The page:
Longer-term, moderate exercise improves immune activity
Older men and women who performed moderate resistance exercise at home 30 minutes a day, three times a week, for eleven months, showed a significant increase in natural killer cell activity, the immune system's first line of defense against viral infection, according to a study by researchers at Acadia University in Nova Scotia. The sustained exercise may be the key, say the researchers, since earlier studies using shorter periods of up to three months did not find this significant increase in immune system activity with resistance training.
In addition to enhanced immune response, the adults also showed significant improvements in muscle strength and lipid profiles, with decreased total cholesterol and LDL concentrations.
Jennifer DiPenta, a student working in the labs of Dr. Rene J. L. Murphy and Dr. Julia Green-Johnson, reported the study at Experimental Biology 2004, as part of the scientific sessions of The American Physiological Society.
Baseline immunological and physiological functions as well as lipid profiles were obtained from 10 men and 12 women, ages 54 to 82 years (median age 63.5), all retired. They then were trained in simple, moderate intensity resistance exercises, involving tubing and exercise balls, which they could do alone at home. During the next eleven months, the participants were monitored with bi-weekly phone calls and monthly home visits, during which the programs were altered, based on their abilities. At the end of approximately 11 months of training, they returned to the Centre of Lifestyle Studies at Acadia University for another series of physical and immune function tests.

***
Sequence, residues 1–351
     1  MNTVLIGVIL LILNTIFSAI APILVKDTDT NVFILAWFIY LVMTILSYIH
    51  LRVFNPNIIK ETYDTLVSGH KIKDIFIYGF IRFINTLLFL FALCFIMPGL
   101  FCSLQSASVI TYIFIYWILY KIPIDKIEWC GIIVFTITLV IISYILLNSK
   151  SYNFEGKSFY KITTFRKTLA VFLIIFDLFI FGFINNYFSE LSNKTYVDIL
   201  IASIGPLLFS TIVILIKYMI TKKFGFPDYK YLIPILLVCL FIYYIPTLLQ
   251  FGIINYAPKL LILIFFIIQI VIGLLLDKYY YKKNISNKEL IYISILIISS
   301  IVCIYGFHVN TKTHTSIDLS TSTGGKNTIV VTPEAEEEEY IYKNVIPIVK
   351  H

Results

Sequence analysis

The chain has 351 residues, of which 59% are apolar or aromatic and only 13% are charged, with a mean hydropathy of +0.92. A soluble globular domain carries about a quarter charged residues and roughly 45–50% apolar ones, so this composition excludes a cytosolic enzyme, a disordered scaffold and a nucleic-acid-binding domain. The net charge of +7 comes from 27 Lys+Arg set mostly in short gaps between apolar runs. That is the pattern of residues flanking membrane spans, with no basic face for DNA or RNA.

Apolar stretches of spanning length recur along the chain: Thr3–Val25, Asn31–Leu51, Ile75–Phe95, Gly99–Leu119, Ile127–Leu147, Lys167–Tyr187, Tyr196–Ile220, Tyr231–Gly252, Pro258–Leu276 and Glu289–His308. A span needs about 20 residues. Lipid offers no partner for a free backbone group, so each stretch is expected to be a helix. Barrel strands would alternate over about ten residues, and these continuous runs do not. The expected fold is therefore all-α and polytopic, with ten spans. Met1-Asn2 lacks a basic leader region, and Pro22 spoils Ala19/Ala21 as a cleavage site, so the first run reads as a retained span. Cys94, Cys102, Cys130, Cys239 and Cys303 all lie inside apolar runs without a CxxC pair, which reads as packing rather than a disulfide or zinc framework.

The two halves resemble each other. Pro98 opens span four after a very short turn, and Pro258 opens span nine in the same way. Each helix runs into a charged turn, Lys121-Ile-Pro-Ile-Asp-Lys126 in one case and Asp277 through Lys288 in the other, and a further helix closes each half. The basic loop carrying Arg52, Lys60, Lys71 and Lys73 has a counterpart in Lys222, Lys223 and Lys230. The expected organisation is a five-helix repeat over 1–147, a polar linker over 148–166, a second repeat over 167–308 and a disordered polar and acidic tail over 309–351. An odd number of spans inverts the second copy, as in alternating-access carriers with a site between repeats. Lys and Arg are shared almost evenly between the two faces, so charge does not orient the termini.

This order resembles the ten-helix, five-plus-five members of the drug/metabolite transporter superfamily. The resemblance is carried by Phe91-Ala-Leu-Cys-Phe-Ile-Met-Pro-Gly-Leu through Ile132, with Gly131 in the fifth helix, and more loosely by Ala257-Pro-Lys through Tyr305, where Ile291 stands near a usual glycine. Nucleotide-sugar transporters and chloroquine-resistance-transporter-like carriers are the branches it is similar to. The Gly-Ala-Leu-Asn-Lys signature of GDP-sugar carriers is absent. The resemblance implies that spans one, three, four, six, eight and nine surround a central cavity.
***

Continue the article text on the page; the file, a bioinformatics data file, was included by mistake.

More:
Muscle strength increased significantly. There were no changes in weight, but total cholesterol and plasma LDL decreased significantly (HDL remained unchanged). To measure immune activity, lymphocytes from each participant were incubated with K562 tumor cells known to be targeted by natural killer cells. After eleven months of participating in the study, the participants showed a higher response.
Dr. Green-Johnson says, "It was gratifying to see the improvement in these older people in ways that should enable them to maintain their health and independence with advancing age." Dr. Murphy adds, "We believe the take home message is that there are several important health benefits for older people who choose to participate in a simple home-based exercise program."
Source: Eurekalert & othersLast reviewed: By John M. Grohol, Psy.D. on 21 Feb 2009
Published on PsychCentral.com. All rights reserved.